Changing things up before the Bluejays can get a good read on KU's approach would be a wise strategy and Kansas has both the personnel and the playbook to be able to do that.
“If they decide to do that, then how do we take advantage of them being small,” Self asked Friday. “And then how do we guard them when they are small? That will be a big question with us, because, obviously, that would put David on the perimeter a lot.
“I think we can do it. I think there's a strategy and ways to do it. And we’ve actually played a couple of teams in recent memory that went small on us and we were able to do it and get by with it and not get hurt with it defensively. And (it was) a bonus offensively. So I can see it working favorably (for) us, but it won't be an easy guard, regardless, if that occurs.”
3. Turnovers, turnovers, turnovers
Creighton is one of those rare teams that both turns it over at a higher rate than coaches would like and does not do a great job of forcing its opponents to do the same.
Creighton’s offense ranks 313th nationally per KenPom.com in turnover percentage, giving it away on one of every five possessions. That number is even worse on non-steal turnovers — essentially unforced errors – as the Bluejays rank 332nd in that category at 10.8%, nearly two full percentage points higher than the national average.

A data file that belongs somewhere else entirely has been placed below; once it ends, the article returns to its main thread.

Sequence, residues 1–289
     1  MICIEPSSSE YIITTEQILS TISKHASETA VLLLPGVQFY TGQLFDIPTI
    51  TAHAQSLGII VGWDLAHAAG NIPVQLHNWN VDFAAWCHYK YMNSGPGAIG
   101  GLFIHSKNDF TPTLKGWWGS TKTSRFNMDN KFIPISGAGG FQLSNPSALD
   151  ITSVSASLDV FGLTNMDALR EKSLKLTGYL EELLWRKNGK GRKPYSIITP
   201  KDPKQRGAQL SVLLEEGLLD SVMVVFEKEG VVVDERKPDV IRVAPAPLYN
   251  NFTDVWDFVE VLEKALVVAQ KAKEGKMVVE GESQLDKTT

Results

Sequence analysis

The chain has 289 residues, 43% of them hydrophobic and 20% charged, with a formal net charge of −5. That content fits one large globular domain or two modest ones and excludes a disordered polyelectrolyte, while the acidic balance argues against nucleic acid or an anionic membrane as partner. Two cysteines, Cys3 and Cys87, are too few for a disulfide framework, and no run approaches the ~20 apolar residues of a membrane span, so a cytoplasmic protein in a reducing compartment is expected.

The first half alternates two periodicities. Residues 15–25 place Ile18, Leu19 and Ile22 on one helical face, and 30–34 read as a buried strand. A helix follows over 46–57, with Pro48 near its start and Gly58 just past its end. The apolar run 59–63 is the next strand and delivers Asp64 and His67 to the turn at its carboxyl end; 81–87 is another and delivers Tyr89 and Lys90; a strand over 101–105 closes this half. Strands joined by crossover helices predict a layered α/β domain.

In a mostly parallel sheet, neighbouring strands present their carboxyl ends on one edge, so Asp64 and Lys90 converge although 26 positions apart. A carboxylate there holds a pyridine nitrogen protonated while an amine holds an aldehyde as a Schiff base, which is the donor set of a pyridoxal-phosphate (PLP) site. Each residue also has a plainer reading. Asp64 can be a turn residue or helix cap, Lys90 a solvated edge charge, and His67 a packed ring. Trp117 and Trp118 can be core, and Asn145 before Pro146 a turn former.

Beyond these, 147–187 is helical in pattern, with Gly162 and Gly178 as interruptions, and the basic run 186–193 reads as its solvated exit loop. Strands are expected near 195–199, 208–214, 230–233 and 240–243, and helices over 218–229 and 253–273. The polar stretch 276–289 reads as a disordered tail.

Self said Friday that the Bluejays’ identity under McDermott has been as much about defense and toughness as anything else, but forcing turnovers is not a big part of that CU defense. Creighton, which has an adjusted defensive efficiency ranking of 17th, is forcing turnovers on just 15.6 of its opponents’ possessions. That ranks 322nd nationally and is nearly three full percentage points worse than the national average.
The Bluejays’ offense averaged 14.2 turnovers per game for the season and 14.1 turnovers per game in their 11 losses.
That speaks to a team being who it is. The issue, however, was that in those 11 losses Creighton only forced its opponent into double-digit turnovers on four occasions and lost the turnover battle in every game but one. In that one, they tied with Seton Hall when both teams gave it away 13 times.
In their 23 wins, the Bluejays forced their opponent into double-digit turnovers 16 times. One of those came Thursday night, when they forced San Diego State into 16 turnovers but still turned it over 20 times themselves.
The most remarkable number in Creighton’s turnover glance might be the fact that the Bluejays had fewer turnovers than their opponent just one time all season.
Creighton point guard Trey Alexander vs. KU PGs Dajuan Harris Jr. and Remy Martin
The point guard position is an area that Kansas should be able to find an advantage.
Creighton freshman Trey Alexander, whom KU recruited, is plenty capable and very talented. But instead of going head-to-head with one other player in this one, he’ll have to deal with two Kansas point guards who both are playing at a very high level.